Any prime mover exhibits the effects of wear and tear over time, especially when operating in a hostile environment. Marine gas turbines operation in the hostile marine environment results in the degradation of their performance characteristics. A method for predicting the effects of common compressor degradation mechanisms on the engine operation and performance by exploiting the “zooming” feature of current performance modelling techniques is presented. Specifically a 0D engine performance model is coupled with a higher fidelity compressor model which is based on the “stage stacking” method. In this way the compressor faults can be simulated in a physical meaningful way and the overall engine performance and off design operation of a faulty engine can be predicted. The method is applied to the case of a twin shaft engine, a configuration that is commonly used for marine propulsion.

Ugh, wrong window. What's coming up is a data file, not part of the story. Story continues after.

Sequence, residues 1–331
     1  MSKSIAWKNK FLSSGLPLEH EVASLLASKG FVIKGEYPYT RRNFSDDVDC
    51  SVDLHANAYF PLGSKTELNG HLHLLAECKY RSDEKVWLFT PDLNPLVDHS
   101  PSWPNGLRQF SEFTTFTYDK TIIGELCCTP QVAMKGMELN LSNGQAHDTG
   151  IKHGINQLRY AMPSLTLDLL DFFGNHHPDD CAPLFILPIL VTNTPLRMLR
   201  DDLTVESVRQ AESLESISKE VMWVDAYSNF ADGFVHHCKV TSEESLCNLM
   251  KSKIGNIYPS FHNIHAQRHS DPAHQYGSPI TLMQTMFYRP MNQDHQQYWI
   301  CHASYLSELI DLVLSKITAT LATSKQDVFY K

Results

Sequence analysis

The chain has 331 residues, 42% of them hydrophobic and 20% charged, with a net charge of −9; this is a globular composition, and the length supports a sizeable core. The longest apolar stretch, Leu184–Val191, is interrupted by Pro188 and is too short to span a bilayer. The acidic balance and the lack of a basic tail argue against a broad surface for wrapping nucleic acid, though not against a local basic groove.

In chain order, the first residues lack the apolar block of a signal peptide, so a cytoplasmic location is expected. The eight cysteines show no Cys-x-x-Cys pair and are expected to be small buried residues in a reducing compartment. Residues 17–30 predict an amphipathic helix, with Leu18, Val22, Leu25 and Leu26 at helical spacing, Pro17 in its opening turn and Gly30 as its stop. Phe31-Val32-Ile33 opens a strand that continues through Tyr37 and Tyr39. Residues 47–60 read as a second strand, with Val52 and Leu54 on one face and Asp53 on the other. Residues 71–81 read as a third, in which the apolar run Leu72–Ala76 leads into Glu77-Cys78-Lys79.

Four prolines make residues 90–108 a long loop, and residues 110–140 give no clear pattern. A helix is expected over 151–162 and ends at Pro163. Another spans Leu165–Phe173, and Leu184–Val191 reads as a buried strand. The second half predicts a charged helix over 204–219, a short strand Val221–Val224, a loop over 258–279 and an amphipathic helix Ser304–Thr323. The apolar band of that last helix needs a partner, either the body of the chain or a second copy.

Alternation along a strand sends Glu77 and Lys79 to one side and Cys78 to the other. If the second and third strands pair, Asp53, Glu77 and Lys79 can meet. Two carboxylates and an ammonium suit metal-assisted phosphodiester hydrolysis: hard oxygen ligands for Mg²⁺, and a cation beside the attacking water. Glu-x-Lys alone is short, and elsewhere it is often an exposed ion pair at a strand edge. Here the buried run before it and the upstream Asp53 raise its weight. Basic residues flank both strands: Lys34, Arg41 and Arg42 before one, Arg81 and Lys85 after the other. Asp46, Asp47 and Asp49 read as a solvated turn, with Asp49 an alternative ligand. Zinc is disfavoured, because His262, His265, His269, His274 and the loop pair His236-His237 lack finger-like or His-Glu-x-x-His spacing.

In the case of marine propulsion the operating profile includes a large portion of off-design operation, thus in order to assess the engine’s faults effects, the engine operation should be examined with respect to the marine vessel’s operation. For this reason, the engine performance model is coupled to a marine vessel’s mission model that evaluates the prime mover’s operating conditions. In this way the effect of a faulty engine on vessels’ mission parameters like overall fuel consumption, maximum speed, pollutant emissions and mission duration can be quantified.

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